Omnichannel Fulfillment Made Easier: Retired Stores Become Distribution Centers

Equipped with the appropriate tools to take on a world where added purchase and delivery options continue to stress supply chains, companies are learning to position inventory in strategic locations.

Nick Mc Lean

For highly-recognized chains such as Sam’s Club and H-E-B, closing the doors of underperforming stores to shoppers isn’t all bad news. The decision yields two primary benefits: consolidated space and reduced costs. Yet, there’s another unrealized benefit that comes from transforming the physical store into an e-commerce fulfillment center; and that’s more efficient order fulfillment.  

Equipped with the appropriate tools to take on a world where added purchase and delivery options continue to stress supply chains, companies are learning to position inventory in strategic locations. This allows customers to procure products how and when they want them. Reallocating valuable real estate to focus on the needs of omni-channel commerce in this way helps provide localized inventory that makes fulfilling online orders much faster and cheaper. It is also done while reducing the burden of managing under performing retail locations.

Dark stores are secret weapons in the fulfillment battle

A study by Forrester and NRF found that 27 percent of retailers feel that omnichannel fulfillment strategies are a key concern in 2018. This is due in part to the steady rise of eCommerce orders that make traditional fulfillment models, those focused on a small set of distribution centers, expensive and slow. Often, an over reliance on stores alone to carry the fulfillment burden can be a challenging situation. Not done well store fulfillment raises risks such as out-of-stock items and rising retail ship-to-order ratios which can hurt customer relationships. With smart solutions and management, these issues become far less relevant. Yet they are still an issue with which retailers must contend.

To find a happy medium, we’re seeing these under performing stores become regional fulfillment hubs to serve customers within the vicinity. In the age of Amazon, shoppers expect fast delivery times. As such, they will have their expectations met through former local stores, now stocked with inventory specifically for online orders. This fulfillment concept, already popular in Europe, is increasingly gaining traction in the U.S.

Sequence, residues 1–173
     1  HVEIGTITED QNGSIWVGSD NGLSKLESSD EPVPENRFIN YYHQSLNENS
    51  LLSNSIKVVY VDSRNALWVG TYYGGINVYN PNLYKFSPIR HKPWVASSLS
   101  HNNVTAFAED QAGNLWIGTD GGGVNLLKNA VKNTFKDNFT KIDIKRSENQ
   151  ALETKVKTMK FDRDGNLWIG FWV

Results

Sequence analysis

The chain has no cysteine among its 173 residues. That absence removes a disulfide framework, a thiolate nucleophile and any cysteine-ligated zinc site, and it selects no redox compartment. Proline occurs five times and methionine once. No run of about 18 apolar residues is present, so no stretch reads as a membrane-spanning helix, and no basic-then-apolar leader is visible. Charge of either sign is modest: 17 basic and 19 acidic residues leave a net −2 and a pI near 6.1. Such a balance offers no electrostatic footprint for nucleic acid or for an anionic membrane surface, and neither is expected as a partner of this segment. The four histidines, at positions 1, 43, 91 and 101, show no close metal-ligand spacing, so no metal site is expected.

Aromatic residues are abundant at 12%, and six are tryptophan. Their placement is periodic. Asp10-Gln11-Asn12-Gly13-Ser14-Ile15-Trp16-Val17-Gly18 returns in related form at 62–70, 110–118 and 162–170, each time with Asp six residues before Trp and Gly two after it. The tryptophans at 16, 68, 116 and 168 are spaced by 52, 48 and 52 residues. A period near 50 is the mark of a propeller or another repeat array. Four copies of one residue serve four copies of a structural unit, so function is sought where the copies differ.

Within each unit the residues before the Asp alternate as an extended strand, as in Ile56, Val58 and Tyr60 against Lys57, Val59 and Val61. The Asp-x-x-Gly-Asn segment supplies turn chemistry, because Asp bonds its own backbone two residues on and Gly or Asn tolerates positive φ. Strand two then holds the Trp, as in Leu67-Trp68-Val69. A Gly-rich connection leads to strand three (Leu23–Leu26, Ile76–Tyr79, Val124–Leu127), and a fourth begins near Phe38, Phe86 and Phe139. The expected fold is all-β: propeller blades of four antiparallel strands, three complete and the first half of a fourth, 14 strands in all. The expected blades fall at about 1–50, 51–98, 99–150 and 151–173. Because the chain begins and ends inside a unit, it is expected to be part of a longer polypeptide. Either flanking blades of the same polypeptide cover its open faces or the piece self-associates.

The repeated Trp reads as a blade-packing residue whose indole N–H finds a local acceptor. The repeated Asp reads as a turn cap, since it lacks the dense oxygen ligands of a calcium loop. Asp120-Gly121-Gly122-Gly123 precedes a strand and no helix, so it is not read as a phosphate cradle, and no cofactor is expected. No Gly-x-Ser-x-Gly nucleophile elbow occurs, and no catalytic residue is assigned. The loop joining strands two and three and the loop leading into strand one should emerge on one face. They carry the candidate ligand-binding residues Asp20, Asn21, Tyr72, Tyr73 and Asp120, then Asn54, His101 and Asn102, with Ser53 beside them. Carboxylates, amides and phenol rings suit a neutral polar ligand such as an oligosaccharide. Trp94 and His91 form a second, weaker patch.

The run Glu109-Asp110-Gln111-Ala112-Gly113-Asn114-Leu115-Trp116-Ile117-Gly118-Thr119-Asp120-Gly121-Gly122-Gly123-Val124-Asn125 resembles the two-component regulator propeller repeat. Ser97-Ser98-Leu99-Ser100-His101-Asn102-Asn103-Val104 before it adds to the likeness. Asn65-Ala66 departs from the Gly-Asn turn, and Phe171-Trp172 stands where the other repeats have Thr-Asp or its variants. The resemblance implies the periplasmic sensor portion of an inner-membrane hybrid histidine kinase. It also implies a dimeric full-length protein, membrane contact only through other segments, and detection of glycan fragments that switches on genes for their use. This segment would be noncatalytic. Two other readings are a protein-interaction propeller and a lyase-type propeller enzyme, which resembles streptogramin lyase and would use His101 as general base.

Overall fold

Customers’ needs are changing and retailers’ delivery options should follow suit

Here’s why this makes sense: Mobile apps and web-based services have given way to a wide range of options retailers can offer shoppers. Features such as curbside pickup at grocery stores and buy online, pick up in store offered by apparel retailers are becoming standard practices. Retailers also manage fulfillment by coordinating shipments directly from manufacturers. Alternatively, they team with third-party logistics firms (3PL), drop-shipping or ship-to-partner, in which shoppers can pick up at a depot, carrier, post outlet or locker.

The most common fulfillment model, a straight ‘order in – warehouse fulfills’ process, does not provide the flexibility to optimize across other options. It fails to leverage the retailer’s full resources. Rather than sticking with this simple fulfillment option, retailers should focus on choosing what makes the most sense for a specific order. Another benefit of shifting to an omnichannel business which uses many options to deliver goods to shoppers, is the safety net it provides. If one fulfillment route fails, the operation can pivot to other options.

With the right tools, a seamless omnichannel experience is possible

Making sure retailers have the right tools to execute their omnichannel vision is essential. As retailers adapt, they should prioritize efforts to unify key systems. Retailers need to focus on  improving inventory visibility, leveraging in-store pick-and-pack and better use existing brick and mortar assets.  

Multiple distribution centers tend to blur the accuracy and visibility of a retailer’s inventory. This results in complex processes that extend delivery times. Worse yet, they hurt customer satisfaction and ultimately damage the company’s bottom line. Instead, the ability to close a stand-alone distribution center and focus on leveraging local merchandise stock from all inventory locations will lead to quicker service and more satisfied customers.